Leveraging data transaction expertise can create a better future for a troubled industry
Data is increasingly the currency in which health care trades. Everyone in health care knows we sit on mountains of incredibly valuable data, including patient records, physician notes, health insurance claims and pharmaceutical studies. The ability to analyze and gain insights from this data will enable us to make incredible strides to improve the health of individuals and entire populations. What's stopping us? Health care lacks a comprehensive strategy and universal platform for data transaction. No health care stakeholder today can easily and cost effectively share data with all of the other stakeholders. And yet, data transaction isn't rocket science.
The problem that confronts health care represents a lucrative business opportunity for the industry that does data transaction best: banking.
The cost of everything
There's currently no way to share our health care data universally, because as the value of health care data increases, all sorts of stakeholders introduce a multitude of proprietary interfaces that are designed to protect value by protecting the data itself. We didn't "charge" for information -- we just made it nearly impossible to get at. But everything has a cost, whether it's transparent or hidden. So health care pays for consulting services. We pay for more computer systems. We pay for additional staff to manage the systems. We pay in reduced efficiency and duplication of effort. Most important, we all pay in lost opportunities to help patients live better, longer lives.
So who knows how to value data transactions -- and thereby provide a common platform for the valuation of health care data itself? Banking.
The credit card's transactional heart
Banks have built wildly successful credit card operations by becoming the nexus of value between product or service and payment. They provide a powerful platform for exchange and offer a fee schedule that stakeholders agree (despite some occasional grumbling) is common and acceptable. The credit card became essential when it became medium of exchange everybody used (with a small transaction fee to vendors). It became a phenomenal moneymaker when banks used the card's "essential" quality to add fees - like card fees, late fees and interest charges.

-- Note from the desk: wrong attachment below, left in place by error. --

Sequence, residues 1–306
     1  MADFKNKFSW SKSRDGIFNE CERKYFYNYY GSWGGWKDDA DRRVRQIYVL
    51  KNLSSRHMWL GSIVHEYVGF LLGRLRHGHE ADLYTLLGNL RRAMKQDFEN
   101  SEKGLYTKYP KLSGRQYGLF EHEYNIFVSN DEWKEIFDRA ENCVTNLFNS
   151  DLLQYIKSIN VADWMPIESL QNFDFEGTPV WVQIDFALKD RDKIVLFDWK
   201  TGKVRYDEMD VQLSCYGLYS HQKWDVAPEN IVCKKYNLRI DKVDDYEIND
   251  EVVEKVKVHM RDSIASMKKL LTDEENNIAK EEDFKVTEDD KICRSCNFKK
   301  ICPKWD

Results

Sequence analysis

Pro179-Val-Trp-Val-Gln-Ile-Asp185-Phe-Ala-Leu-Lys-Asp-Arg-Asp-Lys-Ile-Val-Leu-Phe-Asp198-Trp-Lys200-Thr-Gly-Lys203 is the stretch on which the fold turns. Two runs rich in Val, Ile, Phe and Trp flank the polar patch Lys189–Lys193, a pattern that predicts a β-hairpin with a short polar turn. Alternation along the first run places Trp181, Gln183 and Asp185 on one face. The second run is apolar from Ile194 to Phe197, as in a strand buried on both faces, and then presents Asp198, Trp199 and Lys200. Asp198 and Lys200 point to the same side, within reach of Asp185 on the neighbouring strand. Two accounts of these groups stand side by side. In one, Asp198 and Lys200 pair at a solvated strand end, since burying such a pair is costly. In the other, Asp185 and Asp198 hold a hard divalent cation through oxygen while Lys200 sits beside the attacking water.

Banks could follow the same scenario with health care: provide the universal data transaction platform for individual patient care for a small, cost-effective fee. After adoption is ensured, they could develop a more lucrative fee schedule for health care data "reuse" -- such as for clinical pharmaceutical studies -- and charge accordingly. Between the size of the health care industry and the rapidly growing need for multi-purpose data, the revenue could be in the billions.
Here's just one example of how this might work. An electronic medical records company has an interface with physicians; an insurance company has an interface with subscribers; a hospital system has an interface for the transfer of administrative information between sites. Banks establish the cost of each transaction to the respective parties, identify where cost can be removed through efficiency and scalability and provide the transaction for, say, one percent of savings. Costs are reduced, efficiency increased, banks create the framework for additional profit and health care professionals acquire the data they want - painlessly. Everyone wins.
Expertise worth paying for
It's clear that we in health care can't do anything like this on our own. Continuing to pursue our tactical focus on data standardization and software interoperability is pointless. In the era of Big Data, we need a comprehensive data transaction strategy that enables health care to realize the full potential of the information we keep adding to by the petabyte every day. The banking industry could provide that strategy -- and the means to implement it. By supporting banks in making a profit in return for their expertise, we could accelerate a transformation that can benefit everyone. Health care sometimes has difficulty viewing itself as a business. But however health care is defined, we could change our fortunes dramatically if we turned to the banking business and leveraged their expertise.